The Shape of Time 1 invites us to this new album with a musical synth wave that splits its scope between a layer of celestial voices and a layer of synth whose warm shadow drifts in the dreams of these seraphic voices. Without rhythmic life, the movement hovers gently until it turns into hollow breezes that carry sound crystals. The shadows of a bass sculpt discrete phantom impulses, reminding us that nothing is immutable in Erik Wøllo’s universe. Our ears well wrapped up in this decor where the cold courts its opposite, Le Paysage follows with an effect of stridulations which nibbles a cerulean synth wave. The breath of a bass layer injects a lyrical aura to these ambiences that turn into a delicate passive rhythm. The beats resonate in suspension, combining ambient rhythm with meditative melody on a beautiful musical reverie that takes a second momentum with the arrival of percussion a few seconds after the 2nd minute. The shadow of the rhythm projects a tasty mirror effect, condensing its echo in a sustained ambient rhythm. Erik adorns the whole with chords from his electric guitar that harmoniously respond to the echo of the ambient rhythm. Le Paysage becomes infinitely touching when guitar tears start to rain down on it. A very beautiful track! The Scandinavian bard makes shinning his knowledge by proposing a gradation in the order of the titles of this The Shape of Time cd. Earth Trek proposes a structure closer to electronic rock with a very good pairing of percussion elements, some of which have this tone of wooden clogs that clash in the void, and a semi jerky flow of the sequencer. A cloud of orchestral haze and of angelic voices hum over this rhythm that establishes a good interaction with our neurons. One can sleep there certainly, as one can dance there with the head in the clouds. The guitar is a witch with its chartreuse lamentations in the more sibylline atmospheres of Nebula. Its hollow synth breezes and these frightened voices are not foreign to this tenebrous vision which encircles the atmospheres of this purely meditative title.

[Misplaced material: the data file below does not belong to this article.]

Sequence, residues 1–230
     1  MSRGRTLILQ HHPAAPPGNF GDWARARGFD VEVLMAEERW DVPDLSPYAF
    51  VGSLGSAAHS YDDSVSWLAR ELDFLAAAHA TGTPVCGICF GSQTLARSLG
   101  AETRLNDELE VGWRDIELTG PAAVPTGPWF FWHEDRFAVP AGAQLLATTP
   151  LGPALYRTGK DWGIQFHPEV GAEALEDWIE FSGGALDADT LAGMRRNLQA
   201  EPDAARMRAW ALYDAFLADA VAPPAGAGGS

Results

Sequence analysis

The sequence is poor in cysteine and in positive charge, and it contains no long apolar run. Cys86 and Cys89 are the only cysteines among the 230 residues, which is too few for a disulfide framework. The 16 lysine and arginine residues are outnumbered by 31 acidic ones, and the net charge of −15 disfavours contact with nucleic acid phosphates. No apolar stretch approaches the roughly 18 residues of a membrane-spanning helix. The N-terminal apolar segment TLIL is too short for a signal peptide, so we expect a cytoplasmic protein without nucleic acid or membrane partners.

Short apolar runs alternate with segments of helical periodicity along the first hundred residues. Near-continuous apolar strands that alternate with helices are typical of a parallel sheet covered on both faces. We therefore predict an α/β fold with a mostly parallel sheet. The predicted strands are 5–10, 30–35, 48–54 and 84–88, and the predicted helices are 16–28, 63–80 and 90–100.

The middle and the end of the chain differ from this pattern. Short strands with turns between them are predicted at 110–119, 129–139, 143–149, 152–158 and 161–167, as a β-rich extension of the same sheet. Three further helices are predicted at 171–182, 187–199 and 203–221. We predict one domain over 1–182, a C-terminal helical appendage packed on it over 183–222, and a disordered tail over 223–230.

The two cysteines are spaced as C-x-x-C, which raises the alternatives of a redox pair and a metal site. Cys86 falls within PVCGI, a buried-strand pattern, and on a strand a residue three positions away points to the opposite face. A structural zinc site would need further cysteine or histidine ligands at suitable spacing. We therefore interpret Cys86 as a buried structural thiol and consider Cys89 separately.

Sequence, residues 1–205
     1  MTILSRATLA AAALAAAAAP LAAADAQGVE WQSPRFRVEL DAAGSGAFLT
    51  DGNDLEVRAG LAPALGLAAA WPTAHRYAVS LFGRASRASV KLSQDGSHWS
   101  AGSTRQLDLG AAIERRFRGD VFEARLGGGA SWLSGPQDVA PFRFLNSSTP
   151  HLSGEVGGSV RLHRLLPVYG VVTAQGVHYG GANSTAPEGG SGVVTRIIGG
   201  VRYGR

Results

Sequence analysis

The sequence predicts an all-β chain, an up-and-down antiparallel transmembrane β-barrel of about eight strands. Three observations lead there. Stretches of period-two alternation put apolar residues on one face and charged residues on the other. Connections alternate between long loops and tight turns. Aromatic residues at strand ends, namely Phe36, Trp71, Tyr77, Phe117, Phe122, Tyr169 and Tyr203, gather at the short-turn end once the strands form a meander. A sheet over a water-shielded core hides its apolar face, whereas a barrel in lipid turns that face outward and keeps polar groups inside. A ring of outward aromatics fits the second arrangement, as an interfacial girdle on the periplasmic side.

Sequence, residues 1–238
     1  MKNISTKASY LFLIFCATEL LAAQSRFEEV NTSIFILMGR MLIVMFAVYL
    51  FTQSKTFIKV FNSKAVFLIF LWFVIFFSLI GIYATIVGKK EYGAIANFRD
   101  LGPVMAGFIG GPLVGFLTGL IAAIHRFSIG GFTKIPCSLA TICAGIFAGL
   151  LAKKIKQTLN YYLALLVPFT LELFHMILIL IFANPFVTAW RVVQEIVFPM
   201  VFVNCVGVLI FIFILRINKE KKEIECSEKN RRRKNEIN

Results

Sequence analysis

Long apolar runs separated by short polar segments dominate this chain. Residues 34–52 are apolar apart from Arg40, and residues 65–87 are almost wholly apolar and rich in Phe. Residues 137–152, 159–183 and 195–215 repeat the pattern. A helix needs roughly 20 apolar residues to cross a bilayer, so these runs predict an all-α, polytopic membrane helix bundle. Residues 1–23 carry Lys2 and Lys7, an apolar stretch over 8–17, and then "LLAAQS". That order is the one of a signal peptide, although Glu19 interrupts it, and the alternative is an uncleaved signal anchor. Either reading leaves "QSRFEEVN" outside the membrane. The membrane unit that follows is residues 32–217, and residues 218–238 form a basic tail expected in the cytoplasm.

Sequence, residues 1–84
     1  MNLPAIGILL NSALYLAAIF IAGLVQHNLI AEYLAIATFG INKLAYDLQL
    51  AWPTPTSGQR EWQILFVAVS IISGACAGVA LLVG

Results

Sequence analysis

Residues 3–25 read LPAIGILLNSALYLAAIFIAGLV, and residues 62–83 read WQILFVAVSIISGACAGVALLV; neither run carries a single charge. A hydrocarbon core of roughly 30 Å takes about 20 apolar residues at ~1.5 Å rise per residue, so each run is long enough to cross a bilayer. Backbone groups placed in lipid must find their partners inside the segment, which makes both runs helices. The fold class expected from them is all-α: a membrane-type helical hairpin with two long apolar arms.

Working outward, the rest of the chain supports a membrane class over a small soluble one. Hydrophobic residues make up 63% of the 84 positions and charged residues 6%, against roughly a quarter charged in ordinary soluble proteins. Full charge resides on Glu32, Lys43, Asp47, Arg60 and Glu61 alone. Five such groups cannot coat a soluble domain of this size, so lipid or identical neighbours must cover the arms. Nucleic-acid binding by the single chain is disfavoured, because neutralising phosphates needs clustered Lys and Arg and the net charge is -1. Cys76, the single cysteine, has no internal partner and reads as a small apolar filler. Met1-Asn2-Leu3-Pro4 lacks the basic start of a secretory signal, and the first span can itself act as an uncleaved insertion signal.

Midnight Sun is a track that will give you a good handful of chills with its bluesman guitar weeping in the sighs of a seraphic trumpet and its warm fluty tone. The orchestrations, not to mention the sampling of a mechanical landscape, are elements of that tenderness that paves the way for the guitar. Synth moans flow over an austere wave in the opening of Transformation. This obscure opening, which joins the moods of Nebula, is decorated with tinkling and fascinating organic lapping effects. Shimmers are gradually added as the wave spreads its ascending presence that is woven into the shadow of its passion. These shimmers become a light sequence of abstract rhythm of which the fine jerks are escorted by a synth air cut into loops in a sonic firmament dominated by a layer of rumblings and a distant melody hummed by a soulless choir. The Shape of Time 2 takes up the same thematic of its first part but with a slightly more intense vision, as a little more tenebrous. Runestones quietly emerges from its atmospheric opening to a rhythm as gentle and meditative as that of Earth Trek. Its circular ascent is guided by amazing percussive effects that tinkle in another dimension of orchestral haze. These tinkles, guitar and keyboard riffs as well as some sequences complete this seductive rhythmic pattern. Another beautiful track in this superb collection of the Norwegian bard to which we must also add Blue Epilogue, which borrows from this rhythmic potion of Earth Trek with claps of hooves that resonate in a meditative rhythmic structure. Slow Swirl helps us to come down from these musical and poetic clouds conceived by Erik Wøllo for the comfort of our 62 minutes meditative incubation. This purely ambient title extirpates us from these structures of rhythms where we dance with the stars and with our dreams in a nice atmospheric gliding movement which respects the meaning of its title.